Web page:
A fine kettle of fish
March 27, 2004
With the third highest species diversity of fish in the country, Georgia has a lot of fish-and a lot of fishermen.
"People appreciate being able to go 10 or 15 miles down the road with their families and fish for large-mouth bass in lakes and ponds or giant flathead catfish in Georgia rivers," says fisheries professor Doug Peterson. "In Georgia, we're really quite fortunate to have such a rich resource so close to our homes."
The fisheries program at the Daniel B. Warnell School of Forestry and Natural Resources at UGA is the only program of its kind in the state. Campus facilities include experimental ponds, a fish-holding facility and a biometrics laboratory. Graduates are fisheries ecologists "with an appreciation for the social and economic importance particular to our science," says Peterson.
The work of fisheries scientists ranges widely, from studies on the long-term dynamics of fish populations, to threatened and endangered species recovery and commercial and recreational fish management, to the transfer of contaminants through aquatic food webs. In fact, every 2003 fisheries graduate either went on to graduate school or found a job in the field.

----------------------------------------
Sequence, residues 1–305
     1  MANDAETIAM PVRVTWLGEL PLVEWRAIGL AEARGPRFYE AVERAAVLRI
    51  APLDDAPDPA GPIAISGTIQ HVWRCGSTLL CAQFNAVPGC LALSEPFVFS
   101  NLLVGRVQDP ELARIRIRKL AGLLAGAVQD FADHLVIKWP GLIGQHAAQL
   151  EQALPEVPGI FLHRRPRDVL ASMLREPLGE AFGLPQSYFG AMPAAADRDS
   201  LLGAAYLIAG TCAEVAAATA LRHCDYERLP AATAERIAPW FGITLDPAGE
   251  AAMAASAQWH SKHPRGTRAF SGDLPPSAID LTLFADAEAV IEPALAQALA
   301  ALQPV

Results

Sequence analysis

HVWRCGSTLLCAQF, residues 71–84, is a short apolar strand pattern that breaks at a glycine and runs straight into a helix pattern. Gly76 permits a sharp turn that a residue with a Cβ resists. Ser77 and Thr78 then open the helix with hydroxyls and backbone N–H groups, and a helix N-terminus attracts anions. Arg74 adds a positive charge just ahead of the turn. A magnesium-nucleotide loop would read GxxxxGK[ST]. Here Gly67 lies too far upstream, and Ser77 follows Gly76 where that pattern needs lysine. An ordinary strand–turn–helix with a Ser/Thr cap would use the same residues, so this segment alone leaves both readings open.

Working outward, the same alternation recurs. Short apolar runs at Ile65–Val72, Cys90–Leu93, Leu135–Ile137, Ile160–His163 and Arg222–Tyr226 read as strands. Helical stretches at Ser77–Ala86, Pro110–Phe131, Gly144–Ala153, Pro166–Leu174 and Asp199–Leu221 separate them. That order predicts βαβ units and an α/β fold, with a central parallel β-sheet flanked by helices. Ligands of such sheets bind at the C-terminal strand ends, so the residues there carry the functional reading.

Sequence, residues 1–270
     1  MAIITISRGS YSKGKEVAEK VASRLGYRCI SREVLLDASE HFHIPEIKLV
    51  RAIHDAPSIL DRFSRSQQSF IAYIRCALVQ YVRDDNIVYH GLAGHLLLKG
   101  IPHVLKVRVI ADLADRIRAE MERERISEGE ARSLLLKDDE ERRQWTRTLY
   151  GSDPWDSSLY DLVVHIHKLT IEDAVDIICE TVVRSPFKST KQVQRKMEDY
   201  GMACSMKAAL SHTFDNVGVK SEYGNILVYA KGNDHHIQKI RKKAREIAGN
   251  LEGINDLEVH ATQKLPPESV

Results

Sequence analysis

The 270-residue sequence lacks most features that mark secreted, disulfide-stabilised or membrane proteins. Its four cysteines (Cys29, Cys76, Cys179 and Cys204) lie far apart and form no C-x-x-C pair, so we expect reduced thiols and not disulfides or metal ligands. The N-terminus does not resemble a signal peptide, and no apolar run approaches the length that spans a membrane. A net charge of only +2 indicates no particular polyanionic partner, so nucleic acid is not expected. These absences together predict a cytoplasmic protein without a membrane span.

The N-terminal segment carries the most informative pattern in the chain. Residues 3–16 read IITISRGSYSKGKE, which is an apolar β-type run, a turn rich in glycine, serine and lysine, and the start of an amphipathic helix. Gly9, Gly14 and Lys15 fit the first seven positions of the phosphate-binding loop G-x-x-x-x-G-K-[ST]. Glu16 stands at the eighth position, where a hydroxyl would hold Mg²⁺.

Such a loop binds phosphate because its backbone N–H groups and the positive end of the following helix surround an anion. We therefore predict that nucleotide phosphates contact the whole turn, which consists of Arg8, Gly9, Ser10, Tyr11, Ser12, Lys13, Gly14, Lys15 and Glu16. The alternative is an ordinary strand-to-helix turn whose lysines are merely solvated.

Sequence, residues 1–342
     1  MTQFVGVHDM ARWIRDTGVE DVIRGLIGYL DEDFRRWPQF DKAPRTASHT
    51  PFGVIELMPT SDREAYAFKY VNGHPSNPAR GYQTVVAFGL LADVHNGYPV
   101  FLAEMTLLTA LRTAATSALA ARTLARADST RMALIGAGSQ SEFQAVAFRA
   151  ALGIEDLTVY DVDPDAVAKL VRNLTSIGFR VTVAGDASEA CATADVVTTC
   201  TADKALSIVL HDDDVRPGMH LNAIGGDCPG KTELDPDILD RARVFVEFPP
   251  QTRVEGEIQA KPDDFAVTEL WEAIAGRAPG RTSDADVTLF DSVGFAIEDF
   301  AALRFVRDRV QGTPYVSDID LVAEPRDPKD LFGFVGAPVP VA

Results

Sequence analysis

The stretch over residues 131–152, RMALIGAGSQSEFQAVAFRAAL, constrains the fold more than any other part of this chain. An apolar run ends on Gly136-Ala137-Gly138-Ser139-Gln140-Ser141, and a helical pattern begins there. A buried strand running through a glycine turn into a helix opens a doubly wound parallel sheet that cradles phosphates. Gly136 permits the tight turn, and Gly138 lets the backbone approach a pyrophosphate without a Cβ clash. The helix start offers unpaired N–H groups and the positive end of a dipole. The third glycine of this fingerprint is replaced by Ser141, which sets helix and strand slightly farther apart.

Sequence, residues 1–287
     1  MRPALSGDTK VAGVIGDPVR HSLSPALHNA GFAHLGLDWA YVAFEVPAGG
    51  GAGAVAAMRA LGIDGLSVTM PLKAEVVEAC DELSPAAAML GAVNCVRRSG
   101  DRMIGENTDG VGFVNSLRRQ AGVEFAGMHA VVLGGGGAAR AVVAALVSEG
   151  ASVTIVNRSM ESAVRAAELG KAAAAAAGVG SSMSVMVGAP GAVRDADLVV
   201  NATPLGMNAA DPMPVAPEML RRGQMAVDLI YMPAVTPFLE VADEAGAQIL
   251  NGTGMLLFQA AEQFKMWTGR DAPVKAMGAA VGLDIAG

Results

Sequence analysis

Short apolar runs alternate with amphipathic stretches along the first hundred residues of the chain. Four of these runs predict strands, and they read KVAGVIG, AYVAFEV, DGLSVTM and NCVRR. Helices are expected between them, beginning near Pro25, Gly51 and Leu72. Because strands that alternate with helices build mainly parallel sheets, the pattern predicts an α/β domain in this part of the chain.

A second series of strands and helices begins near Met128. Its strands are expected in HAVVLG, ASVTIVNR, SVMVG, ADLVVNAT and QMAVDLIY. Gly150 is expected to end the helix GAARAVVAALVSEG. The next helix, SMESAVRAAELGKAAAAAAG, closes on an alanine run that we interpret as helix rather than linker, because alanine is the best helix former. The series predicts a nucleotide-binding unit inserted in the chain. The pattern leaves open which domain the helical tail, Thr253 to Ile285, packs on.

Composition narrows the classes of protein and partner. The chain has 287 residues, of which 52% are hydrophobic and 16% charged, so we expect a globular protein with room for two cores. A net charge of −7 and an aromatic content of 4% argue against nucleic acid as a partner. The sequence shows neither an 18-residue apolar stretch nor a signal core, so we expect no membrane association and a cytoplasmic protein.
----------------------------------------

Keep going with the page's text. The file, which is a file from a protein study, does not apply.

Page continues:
"Qualified graduates in this field are in very high demand," says Peterson. "In this economy, not too many programs can say they place every single one of their graduates."
High placement rates are not the only attractive feature of UGA's fisheries program. Peterson points to a poster on the wall. It has a picture of a river flowing through a forest. The text at the bottom reads, "This could be your office."
In fact, fisheries ecologists do not spend leisurely days cruising along on fishing boats. Per capita consumption of fish and fish products in the United States has increased more than 50 percent since 1970, and abundant, healthy fish populations do not just happen. Fisheries ecologists spend a good part of their time managing competing needs. They have to integrate land and water resource management, develop techniques for estimating the size and distribution of animal populations, determine the effects of invasive species on resources use, develop environmentally friendly aquaculture systems of commercial production of high-value fishes, and more.
The UGA fisheries program is unique in providing a balance between field-oriented and laboratory research, with a range of facilities available for teaching and research throughout Georgia, the Southeast and globally.